Oregon City Council last week backed a resolution in support of the Ohio Consumers’ Counsel (OCC) and urged the Ohio Legislature to restoring funding to its budget.
The OCC has a current operating budget of approximately $8.5 million per year. However, under the proposed biennial budget, the OCC’s budget would be reduced to $4.1 million per year.
“The funding for the Ohio Consumers’ Counsel is threatened to be cut in half,” said Councilman Mike Sheehy, who sponsored the resolution with Council member Sandy Bihn.
In 1976, the OCC was created by the Ohio General Assembly to represent the interests of residential utility customers in matters relating to their public utility services, electric, natural gas, water and telephone, according to the resolution.
“It’s one of the organizations in Ohio that goes to bat for the consumer with respect to utility rates,” said Sheehy. “Historically, there are other organizations that have been set up by state government that serve that function, but some of those organizations sort of got the reputation of being more of a facilitator to the large power industries than the consumer itself. The Ohio Consumers’ Counsel has done an effective job in representing the consumer. With the proposal to cut its budget in half, it’s my suspicion that the effectiveness of the organization would probably be halved at a time when it should probably be doubled.”
The OCC is funded solely by assessments on utilities, not taxes. The OCC’s budget does not affect the state’s General Revenue Fund.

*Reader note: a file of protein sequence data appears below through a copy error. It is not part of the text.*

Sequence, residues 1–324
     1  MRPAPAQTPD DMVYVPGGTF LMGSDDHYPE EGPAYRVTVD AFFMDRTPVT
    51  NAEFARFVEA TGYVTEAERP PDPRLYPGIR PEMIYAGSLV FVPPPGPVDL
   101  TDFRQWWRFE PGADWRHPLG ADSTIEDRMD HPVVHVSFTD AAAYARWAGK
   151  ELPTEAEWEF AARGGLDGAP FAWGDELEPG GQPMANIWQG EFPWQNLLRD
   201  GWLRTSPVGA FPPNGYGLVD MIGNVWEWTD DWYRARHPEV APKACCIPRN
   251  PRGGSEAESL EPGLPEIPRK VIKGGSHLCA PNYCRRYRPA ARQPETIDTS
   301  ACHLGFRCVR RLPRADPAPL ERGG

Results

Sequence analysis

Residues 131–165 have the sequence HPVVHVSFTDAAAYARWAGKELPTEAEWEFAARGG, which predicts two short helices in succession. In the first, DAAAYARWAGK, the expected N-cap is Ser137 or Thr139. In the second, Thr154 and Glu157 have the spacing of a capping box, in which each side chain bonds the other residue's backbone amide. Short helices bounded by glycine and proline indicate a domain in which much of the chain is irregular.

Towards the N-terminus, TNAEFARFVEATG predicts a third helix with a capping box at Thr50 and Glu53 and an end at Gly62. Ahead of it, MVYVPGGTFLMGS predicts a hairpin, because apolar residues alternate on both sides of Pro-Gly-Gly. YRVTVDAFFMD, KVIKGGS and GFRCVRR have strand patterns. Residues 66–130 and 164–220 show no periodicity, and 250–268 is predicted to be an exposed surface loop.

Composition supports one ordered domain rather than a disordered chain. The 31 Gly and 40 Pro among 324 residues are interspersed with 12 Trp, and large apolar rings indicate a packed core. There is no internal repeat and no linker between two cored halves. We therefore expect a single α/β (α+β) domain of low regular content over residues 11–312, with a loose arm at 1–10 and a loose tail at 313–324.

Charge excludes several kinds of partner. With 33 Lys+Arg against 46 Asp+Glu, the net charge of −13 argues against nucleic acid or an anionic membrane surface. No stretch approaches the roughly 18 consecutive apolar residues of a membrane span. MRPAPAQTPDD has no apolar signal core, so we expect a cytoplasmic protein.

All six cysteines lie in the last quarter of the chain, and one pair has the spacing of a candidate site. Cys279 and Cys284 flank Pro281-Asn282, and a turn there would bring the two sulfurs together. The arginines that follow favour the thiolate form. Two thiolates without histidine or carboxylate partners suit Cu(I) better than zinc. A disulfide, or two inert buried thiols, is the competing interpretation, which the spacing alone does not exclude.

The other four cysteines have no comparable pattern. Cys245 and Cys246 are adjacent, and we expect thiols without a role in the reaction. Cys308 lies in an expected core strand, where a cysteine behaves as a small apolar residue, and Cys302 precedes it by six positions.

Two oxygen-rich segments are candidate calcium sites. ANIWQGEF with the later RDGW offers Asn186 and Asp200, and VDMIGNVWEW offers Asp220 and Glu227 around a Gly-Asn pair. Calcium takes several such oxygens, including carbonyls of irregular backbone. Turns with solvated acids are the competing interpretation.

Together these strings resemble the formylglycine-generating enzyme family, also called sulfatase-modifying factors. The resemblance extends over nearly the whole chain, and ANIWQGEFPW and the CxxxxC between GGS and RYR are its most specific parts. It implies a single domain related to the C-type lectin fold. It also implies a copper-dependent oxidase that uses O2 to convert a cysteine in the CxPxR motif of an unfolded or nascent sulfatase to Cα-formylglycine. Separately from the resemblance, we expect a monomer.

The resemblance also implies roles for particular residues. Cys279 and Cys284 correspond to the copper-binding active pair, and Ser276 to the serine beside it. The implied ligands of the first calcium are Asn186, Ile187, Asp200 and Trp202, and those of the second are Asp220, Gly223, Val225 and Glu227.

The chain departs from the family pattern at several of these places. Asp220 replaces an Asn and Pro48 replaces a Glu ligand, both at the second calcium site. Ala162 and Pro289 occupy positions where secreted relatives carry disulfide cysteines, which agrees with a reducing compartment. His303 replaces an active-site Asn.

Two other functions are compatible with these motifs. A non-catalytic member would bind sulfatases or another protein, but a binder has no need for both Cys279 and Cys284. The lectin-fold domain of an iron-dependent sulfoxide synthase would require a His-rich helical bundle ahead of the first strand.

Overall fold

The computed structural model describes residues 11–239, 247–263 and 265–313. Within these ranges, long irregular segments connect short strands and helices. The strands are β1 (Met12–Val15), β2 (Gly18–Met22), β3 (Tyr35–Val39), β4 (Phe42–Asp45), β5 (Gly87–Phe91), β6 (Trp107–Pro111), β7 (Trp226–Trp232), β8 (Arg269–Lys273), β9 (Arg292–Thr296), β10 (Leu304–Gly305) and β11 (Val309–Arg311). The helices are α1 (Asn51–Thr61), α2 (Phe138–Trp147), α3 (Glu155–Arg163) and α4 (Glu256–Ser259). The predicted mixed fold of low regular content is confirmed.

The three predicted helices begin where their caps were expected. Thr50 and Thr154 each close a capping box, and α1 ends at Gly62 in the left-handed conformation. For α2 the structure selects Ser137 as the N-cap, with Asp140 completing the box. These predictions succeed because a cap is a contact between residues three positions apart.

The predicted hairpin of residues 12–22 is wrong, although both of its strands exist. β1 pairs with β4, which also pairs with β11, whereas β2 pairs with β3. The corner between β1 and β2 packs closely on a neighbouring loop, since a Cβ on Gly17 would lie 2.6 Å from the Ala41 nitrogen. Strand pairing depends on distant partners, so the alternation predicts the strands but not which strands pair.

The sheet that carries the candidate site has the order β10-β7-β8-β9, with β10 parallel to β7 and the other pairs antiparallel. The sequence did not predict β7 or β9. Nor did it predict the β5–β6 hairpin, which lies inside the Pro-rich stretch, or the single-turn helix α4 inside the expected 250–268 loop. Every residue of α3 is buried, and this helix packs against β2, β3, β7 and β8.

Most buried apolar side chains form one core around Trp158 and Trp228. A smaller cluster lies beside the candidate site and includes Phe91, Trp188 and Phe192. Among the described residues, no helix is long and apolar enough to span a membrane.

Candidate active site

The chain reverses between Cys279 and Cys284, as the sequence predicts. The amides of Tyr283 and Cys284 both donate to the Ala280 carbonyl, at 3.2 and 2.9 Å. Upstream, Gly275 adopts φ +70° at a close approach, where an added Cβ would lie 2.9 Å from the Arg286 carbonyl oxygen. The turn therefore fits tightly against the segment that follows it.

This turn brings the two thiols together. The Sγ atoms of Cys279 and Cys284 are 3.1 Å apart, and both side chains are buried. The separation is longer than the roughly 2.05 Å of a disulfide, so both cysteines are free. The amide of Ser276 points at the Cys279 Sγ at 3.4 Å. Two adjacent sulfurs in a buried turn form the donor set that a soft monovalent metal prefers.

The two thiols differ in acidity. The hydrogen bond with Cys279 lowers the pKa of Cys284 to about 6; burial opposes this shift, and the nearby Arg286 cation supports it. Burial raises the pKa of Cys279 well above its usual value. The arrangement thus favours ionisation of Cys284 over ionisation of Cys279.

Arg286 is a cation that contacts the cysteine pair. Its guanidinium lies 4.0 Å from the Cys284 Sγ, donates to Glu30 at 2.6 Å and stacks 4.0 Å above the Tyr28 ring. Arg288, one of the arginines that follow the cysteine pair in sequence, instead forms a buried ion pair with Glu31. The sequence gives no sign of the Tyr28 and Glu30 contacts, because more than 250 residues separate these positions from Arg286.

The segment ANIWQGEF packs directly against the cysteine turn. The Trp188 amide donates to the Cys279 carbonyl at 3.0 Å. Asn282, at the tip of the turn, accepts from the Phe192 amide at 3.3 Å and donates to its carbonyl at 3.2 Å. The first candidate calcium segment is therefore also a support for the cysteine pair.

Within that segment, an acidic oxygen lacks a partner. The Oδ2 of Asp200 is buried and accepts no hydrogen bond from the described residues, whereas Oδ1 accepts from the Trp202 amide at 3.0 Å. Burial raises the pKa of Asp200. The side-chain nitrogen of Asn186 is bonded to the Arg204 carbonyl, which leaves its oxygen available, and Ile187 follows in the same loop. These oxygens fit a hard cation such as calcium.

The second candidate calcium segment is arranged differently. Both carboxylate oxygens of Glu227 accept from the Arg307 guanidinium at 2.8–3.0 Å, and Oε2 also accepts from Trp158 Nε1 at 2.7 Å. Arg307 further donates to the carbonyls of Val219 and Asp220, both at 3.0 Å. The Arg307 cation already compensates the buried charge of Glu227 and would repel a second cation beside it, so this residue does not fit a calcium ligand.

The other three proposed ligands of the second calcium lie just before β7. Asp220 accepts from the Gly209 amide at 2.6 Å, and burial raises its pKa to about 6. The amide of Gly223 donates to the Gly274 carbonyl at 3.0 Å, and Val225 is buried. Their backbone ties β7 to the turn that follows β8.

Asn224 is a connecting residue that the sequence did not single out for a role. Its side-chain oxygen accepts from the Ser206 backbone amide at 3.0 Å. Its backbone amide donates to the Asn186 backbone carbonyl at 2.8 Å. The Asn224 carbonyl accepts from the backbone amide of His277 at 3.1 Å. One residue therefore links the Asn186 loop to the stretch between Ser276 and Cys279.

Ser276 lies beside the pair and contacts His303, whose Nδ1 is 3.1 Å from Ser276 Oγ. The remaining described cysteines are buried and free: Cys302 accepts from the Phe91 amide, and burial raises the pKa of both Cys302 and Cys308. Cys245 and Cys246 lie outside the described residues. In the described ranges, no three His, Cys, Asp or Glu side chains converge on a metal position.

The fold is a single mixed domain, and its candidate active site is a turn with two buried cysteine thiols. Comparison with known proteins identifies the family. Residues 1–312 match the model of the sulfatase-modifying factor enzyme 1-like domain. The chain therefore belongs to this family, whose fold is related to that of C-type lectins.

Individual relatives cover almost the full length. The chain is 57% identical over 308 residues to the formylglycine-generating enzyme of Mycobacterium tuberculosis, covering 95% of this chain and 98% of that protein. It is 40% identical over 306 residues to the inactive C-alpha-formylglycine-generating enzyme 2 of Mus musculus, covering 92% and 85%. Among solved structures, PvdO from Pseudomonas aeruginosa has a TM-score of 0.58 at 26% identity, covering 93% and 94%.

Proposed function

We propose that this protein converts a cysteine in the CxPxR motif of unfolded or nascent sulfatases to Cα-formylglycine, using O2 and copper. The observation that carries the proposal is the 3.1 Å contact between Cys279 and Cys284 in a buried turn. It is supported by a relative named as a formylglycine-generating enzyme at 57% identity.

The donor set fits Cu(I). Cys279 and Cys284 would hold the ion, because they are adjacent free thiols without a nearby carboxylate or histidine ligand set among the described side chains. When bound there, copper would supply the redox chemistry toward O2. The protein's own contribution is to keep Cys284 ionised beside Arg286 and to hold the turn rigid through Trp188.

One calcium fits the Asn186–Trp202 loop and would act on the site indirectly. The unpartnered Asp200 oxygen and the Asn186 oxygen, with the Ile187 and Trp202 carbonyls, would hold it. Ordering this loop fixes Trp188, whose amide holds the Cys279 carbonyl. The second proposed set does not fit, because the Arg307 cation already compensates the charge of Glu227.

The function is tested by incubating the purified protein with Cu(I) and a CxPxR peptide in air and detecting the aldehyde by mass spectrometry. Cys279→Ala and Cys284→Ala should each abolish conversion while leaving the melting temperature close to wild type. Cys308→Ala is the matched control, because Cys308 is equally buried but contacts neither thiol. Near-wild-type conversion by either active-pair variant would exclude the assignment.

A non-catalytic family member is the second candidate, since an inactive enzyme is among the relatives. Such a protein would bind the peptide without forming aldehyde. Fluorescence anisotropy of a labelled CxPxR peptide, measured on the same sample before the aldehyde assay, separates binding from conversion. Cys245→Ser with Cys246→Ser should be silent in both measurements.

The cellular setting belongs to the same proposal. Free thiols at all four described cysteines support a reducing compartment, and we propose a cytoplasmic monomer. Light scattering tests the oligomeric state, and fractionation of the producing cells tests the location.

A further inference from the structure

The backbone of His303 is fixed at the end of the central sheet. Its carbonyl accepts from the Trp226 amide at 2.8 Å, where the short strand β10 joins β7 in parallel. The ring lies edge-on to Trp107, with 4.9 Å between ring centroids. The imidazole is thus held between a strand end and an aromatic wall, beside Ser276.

The OCC staff participate in legal proceedings, analyze utility issues, educate customers resolve informal complaints relating to utility services through the Consumer Call Center, and advocates on behalf of Ohio’s residential households.
In the current biennium, the OCC has saved customers $54.8 million directly through its advocacy, and an additional $1.9 billion in shared savings with other partners, according to the resolution. During the past 35 years, the OCC has saved utility customers $10 billion in avoided utility costs.
Any reduction, according to the resolution, would not go back to taxpayers, but would go to the utility companies, and the proposed budget cuts would have a detrimental impact on the residential utility customers of the state and the ability of the OCC to effectively advocate on their behalf.
Bihn said the cuts in funding would not represent a savings in the state’s general revenue fund.
“This actually comes out of the utility bills,” said Bihn. “Instead of helping the consumers as it has in the past, it would go into the coffers of the utility companies, so this does not affect the state budget.”
In addition, Bihn said the state has one of the highest utility rates in the country.
“Certainly with the complexity of deregulation and all the things that have happened, I think it’s important to have a citizen advocate in these very challenging energy times with public utilities,” said Bihn. “I’ve found this group to be incredibly helpful to the average citizen. This is a time when the public needs, more than ever, help in saving money.”
Councilman Jerry Peach said the OCC is funded through a small assessment or tariff on utility bills.
“The average savings that might be realized for the average customer would be no more than .10 per month. It would be a very modest savings to consumers. Yet the savings that have been realized by the actions of the Consumers’ Counsel advocating for residents has been considerable,” said Peach.